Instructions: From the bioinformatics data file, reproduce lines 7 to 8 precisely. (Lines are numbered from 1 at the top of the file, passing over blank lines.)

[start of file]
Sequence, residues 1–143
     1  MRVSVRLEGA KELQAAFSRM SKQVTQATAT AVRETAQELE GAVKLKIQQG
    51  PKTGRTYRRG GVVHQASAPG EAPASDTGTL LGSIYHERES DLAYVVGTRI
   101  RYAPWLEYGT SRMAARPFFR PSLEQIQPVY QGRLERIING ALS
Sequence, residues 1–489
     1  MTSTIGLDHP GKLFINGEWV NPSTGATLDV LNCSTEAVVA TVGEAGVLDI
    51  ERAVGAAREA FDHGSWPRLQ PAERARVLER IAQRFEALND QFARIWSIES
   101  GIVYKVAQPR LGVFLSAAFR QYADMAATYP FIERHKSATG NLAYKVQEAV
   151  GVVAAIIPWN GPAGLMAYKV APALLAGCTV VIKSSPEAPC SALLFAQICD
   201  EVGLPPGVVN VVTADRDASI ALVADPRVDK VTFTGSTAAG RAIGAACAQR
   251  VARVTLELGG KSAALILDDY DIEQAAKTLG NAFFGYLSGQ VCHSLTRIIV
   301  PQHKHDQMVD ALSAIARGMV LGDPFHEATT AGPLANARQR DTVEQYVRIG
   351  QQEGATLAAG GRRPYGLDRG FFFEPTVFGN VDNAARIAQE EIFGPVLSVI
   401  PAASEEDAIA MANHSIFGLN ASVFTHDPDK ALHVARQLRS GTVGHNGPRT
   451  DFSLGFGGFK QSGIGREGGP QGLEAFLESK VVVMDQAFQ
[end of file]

    51  ERAVGAAREA FDHGSWPRLQ PAERARVLER IAQRFEALND QFARIWSIES
   101  GIVYKVAQPR LGVFLSAAFR QYADMAATYP FIERHKSATG NLAYKVQEAV